Save Money By Dry Aging Your Own Steaks At Home In 2 Easy Steps

This video is unavailable because we were unable to load a message from our sponsors.

If you are using ad-blocking software, please disable it and reload the page.

Dry-aged beef is a dish you'd typically find on the menu at a high-end steakhouse or fancy restaurant, but who says you can't age your own steak on a budget at home?

According to chef, cookbook author and TV personality Sara Moulton, you can!

RELATED: Secrets to Restaurant-Quality Steak at Home for Less Money

She breaks down why aged steak tastes better and how you can save money by doing it at home.

What does dry aging meat do?

First of all, Sara explains that aging meat just means letting it sit in a controlled, chilled environment. The major reason why dry-aged steak is so pricey is because of the time it takes to complete the process — another reason being the more intense taste.

"It loses moisture, which means that it concentrates the meat flavor," the chef says. "Also, the natural enzymes in the meat break down the tissue, so it's that much more tender."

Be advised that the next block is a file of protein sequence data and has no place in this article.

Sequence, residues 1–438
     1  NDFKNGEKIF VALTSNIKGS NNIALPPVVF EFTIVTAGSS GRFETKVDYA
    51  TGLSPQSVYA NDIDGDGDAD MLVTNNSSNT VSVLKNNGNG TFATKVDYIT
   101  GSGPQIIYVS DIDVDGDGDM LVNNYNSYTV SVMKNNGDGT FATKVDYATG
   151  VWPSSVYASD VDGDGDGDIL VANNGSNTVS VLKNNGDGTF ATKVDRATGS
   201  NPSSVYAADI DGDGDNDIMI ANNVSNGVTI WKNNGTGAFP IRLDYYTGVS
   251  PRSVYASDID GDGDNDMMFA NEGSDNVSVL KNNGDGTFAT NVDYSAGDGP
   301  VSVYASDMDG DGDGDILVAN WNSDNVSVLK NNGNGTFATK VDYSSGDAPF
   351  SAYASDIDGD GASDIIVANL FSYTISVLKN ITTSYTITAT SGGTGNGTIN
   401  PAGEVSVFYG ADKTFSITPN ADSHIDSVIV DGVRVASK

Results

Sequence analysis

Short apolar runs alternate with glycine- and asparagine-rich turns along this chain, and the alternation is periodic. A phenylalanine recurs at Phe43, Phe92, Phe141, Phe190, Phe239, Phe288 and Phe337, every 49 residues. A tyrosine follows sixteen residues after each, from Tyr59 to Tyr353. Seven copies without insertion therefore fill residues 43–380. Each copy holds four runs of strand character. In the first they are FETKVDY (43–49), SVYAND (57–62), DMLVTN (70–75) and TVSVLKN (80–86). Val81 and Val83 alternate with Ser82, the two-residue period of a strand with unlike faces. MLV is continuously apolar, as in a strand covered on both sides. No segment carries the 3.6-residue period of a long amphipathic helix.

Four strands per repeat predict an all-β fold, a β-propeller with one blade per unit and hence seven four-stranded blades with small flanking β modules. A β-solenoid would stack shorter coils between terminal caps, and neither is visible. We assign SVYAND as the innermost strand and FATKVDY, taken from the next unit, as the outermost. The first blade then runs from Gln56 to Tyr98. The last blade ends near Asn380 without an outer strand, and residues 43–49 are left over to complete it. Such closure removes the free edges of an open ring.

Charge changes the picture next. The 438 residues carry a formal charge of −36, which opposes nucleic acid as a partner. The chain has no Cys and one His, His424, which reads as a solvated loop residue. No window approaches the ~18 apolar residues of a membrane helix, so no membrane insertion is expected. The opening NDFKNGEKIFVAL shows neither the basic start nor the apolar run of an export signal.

Sara demonstrates this with a supermarket rib-eye steak, which isn't necessarily cheap, but it will cost less than going out for a steak dinner.

How do I dry age steak at home?


Begin by wrapping the meat in cheesecloth, which "allows enough air in that the steak will dry out, but not dry out so much that it gets crusty and dry and you have to cut off parts," according to Sara.


Put it on a wire rack so air can circulate, place it in the back of your refrigerator in the coolest part and let it sit for a few days.

"Four days is really the ideal situation, is what you're looking for," the chef says.


Need some recipe inspo for your dry-aged steaks? Check out Curtis Stone's Pan-Seared Rib-Eye Steaks, which he whipped up for Rach's 50th birthday celebration!

You Might Like